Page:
In my own risk-taking frameworks, actually, I not only look at how something compares to my goals or my own skills and capabilities, like, “Gosh, am I likely to succeed or fail in my efforts?” But I have two dimensions that I think most people fail to add. Number one is what I call the people factor. So, most people try and make a choice sort of on the what of the thing they’re pursuing.

So, let’s put it this way. I want to go to a startup. I’m thinking about the what that that startup does and is that startup likely to be successful or not? Is that a winning idea? I often, and this has certainly been something I’ve learned the hard way in my career, but I’ve also had the benefit of, I’ve really, in all of my frameworks, I overweight the people I am going to join in any new choice or endeavors. So, I call that the “I put the who over the what,” and that’s one big piece of advice I have for people when creating around framework and doing your own pros and cons list. You have to add and rate the people factor of any dimension.

And people say, “Well, why is that important?” I think it’s important because many of us have been told to take risks in the direction of our passions, as an example. Like, “Hey, go overweight moving towards something that’s in the direction of things you enjoy.” That’s great. But 99% of our careers and how successful we are on the job are done in collaboration with others, with peers, with a boss, with a CEO who might be guiding the direction of the company, so with people who share or don’t share our values, let alone complement our strengths.

And so, when I overweight the people, what I’m really overweighting is, like, “Hey, I’ll get to have fun in my job or do the things I’m passionate about or good at dependent on the people I go to work with every day. And if I go to work with extraordinary people, people who have skills I seek to acquire, or people whose values fit my own, there’s a far better chance that I’m going to enjoy the day-to-day of my job and do my best work.”

And, yes, all the better if it’s in the direction of my, let’s say, stated passions in terms of topic area. So, putting the who over the what is one big factor in my frameworks that most people don’t really rate enough or rate highly enough when they make their choices. And the other one that I often tell people is missing from their frameworks, and I would add to any framework or pro-con choice, is what I call the things that aren’t in your control, the headwinds and tailwinds of any situation.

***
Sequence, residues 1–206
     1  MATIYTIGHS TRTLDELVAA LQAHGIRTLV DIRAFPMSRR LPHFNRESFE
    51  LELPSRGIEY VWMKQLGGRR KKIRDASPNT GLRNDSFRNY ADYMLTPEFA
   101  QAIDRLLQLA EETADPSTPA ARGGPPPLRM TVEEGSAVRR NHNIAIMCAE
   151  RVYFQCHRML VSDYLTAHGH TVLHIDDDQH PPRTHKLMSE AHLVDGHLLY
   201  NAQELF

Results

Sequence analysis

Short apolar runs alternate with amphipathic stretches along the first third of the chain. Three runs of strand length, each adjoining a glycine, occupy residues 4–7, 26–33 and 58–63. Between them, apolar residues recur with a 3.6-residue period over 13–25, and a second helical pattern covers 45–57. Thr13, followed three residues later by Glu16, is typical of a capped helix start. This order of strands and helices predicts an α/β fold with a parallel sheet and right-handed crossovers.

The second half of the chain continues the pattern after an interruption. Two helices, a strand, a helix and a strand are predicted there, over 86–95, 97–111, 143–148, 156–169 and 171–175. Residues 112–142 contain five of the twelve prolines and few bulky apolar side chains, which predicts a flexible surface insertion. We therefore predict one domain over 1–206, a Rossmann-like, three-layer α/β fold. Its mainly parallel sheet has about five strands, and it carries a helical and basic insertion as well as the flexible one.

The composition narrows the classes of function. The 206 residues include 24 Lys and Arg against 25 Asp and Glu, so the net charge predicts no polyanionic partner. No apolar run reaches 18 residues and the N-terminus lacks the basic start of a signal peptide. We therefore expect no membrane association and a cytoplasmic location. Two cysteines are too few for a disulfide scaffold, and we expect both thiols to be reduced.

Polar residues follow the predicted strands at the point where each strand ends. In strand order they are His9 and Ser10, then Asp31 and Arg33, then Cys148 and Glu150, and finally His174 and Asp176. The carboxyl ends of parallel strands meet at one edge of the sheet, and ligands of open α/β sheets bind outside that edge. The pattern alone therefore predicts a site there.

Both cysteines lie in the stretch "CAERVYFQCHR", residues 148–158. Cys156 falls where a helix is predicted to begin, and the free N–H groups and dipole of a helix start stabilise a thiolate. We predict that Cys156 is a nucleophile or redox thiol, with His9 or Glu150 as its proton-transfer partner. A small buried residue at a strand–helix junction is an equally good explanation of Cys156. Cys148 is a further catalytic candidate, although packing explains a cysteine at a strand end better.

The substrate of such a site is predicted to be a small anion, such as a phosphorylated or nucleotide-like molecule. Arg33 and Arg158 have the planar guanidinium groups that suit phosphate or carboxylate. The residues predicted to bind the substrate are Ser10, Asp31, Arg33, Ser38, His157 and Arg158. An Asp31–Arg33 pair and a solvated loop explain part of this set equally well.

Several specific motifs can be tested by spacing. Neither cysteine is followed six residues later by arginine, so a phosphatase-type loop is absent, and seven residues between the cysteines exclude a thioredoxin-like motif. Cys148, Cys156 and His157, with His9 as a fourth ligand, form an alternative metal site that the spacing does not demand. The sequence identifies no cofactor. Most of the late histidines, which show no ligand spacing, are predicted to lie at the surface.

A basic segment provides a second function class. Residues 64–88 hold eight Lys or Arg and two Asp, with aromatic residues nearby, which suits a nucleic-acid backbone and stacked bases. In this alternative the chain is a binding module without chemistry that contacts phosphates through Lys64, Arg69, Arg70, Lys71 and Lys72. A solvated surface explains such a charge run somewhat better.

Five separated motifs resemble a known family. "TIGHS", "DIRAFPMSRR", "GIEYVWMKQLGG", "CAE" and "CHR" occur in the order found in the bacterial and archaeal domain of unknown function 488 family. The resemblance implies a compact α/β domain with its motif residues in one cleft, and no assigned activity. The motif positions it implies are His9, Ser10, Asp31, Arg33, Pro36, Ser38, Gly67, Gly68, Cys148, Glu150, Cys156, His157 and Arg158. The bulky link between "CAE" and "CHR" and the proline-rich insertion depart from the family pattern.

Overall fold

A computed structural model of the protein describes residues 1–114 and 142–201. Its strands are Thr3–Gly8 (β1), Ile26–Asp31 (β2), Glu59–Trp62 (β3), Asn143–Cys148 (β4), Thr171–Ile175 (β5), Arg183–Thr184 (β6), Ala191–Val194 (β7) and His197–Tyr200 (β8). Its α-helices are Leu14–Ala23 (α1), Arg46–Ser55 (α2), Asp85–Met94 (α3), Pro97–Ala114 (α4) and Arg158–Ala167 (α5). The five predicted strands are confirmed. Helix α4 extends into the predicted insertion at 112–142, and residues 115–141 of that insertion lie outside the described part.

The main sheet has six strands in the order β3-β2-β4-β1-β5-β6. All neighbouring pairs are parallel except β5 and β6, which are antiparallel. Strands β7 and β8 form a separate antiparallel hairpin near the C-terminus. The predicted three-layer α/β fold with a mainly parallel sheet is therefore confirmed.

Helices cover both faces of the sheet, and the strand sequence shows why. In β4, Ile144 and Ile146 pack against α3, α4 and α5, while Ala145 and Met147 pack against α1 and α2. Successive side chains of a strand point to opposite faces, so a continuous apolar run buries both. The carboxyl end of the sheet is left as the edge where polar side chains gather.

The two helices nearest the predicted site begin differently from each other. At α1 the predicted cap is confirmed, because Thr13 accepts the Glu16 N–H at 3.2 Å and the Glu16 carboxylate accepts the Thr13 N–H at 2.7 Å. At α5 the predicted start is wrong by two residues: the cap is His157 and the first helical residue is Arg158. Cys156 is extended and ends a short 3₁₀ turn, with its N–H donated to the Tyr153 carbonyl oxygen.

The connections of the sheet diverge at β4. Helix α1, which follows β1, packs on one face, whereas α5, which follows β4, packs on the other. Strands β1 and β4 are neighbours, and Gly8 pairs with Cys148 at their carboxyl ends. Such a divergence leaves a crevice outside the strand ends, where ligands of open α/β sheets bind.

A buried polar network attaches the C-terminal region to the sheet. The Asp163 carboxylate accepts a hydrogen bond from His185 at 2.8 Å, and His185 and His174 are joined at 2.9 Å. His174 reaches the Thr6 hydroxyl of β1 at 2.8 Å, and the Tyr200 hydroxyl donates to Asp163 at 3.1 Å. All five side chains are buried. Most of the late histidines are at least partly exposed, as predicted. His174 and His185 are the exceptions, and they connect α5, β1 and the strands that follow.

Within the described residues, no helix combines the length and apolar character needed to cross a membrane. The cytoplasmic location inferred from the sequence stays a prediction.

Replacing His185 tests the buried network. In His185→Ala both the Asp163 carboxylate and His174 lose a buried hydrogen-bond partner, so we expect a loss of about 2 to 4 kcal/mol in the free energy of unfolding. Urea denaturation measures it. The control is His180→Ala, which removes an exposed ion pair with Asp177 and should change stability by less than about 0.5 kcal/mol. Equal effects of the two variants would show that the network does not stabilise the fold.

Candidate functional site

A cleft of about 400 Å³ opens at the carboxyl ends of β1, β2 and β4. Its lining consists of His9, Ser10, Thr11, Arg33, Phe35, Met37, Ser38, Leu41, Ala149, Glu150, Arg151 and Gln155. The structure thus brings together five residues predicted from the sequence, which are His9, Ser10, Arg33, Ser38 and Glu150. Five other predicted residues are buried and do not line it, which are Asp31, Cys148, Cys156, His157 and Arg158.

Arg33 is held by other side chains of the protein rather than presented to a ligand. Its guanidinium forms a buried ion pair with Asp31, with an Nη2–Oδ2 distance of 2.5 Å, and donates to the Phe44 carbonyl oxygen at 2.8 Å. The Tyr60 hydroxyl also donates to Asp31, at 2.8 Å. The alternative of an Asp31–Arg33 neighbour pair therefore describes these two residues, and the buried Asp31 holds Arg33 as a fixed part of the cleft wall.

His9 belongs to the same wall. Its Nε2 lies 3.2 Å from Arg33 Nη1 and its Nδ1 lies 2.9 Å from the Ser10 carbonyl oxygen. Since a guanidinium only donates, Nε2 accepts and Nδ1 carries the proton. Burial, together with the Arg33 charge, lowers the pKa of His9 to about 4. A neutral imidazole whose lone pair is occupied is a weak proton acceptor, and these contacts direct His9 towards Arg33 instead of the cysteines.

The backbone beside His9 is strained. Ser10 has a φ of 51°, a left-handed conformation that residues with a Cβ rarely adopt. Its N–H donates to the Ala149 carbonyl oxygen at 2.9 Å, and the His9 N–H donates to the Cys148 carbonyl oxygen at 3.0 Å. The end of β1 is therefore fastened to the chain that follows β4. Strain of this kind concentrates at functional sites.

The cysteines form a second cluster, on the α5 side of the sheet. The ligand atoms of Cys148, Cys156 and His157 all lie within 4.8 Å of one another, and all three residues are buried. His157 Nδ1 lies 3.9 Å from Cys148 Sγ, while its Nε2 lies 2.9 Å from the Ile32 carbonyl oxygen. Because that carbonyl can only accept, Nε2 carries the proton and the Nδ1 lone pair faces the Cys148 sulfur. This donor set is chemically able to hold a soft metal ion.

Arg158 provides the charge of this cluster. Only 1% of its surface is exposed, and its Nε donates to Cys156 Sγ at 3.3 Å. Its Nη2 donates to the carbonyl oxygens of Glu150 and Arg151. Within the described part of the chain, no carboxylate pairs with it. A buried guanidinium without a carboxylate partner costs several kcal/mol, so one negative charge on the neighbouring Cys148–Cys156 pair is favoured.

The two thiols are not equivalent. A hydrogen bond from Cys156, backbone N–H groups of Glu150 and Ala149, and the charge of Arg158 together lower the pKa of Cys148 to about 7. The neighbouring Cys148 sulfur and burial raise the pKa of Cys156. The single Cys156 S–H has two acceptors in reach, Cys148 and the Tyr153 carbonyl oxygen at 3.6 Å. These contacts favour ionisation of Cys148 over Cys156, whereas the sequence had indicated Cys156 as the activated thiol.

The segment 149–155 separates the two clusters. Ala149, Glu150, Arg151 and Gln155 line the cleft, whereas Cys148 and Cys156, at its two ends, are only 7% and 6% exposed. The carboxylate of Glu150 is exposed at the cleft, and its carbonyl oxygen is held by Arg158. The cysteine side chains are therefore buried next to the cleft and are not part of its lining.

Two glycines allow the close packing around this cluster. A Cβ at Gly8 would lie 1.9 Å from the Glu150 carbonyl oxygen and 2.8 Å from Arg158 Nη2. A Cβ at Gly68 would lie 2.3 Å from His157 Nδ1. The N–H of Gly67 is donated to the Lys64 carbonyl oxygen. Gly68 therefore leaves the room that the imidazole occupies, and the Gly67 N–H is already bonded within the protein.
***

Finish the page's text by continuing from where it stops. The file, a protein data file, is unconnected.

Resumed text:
We tend to believe that we go into any situation, and what I call the neutral state, like it’s just waiting there for our immense and amazing execution in order for us to be successful as if that is the only factor at play in things that work and don’t work. But if we take the time to rate the situation we’re entering, as it’s like, “Does it have momentum and tailwinds?” People often give me a lot of credit for my choices, but my friend, I came to Silicon Valley in 1997. Ahh, that was a good time to come to Silicon Valley.

Let me tell you, there are so many tailwinds that if I made a bad choice, I could still pivot into good choices. And, in fact, that happened to me in my first job in the Valley. I quit in six months but there was so much opportunity that I could pivot into and so many companies that had tailwinds, that I had plenty of what we call room to fail and still be successful.

And so, I think objectively rating the situation you’re entering, “Does it have headwinds or tailwinds? And what does that mean for your ability to execute?” is a huge other factor in the frameworks I build around any big choice.

Pete Mockaitis
I like that concept right there, room to fail. I guess I could just flip it around. As I was contemplating, “Should I launch this podcast? Oh, it’s going to be a lot of work. And, hey, I’ve tried a lot of business initiatives that didn’t work out.” And one of the things I loved about this, as a concept, was that there were just so many ways to win, financially. I already knew it was going to be fun talking to people like you about stuff I love.

Sukhinder Singh Cassidy
Of course, right?

Pete Mockaitis
But I thought that there are so many ways that this can win, whether it’s just from sponsorship, or selling courses, coaching and training, licensing and monetizing. Like, there’s a lot of ways. As opposed to a lot of businesses are like, “Well, hopefully people like this thing,” whether a product or service, and if they don’t, then that’s kind of all there is to it.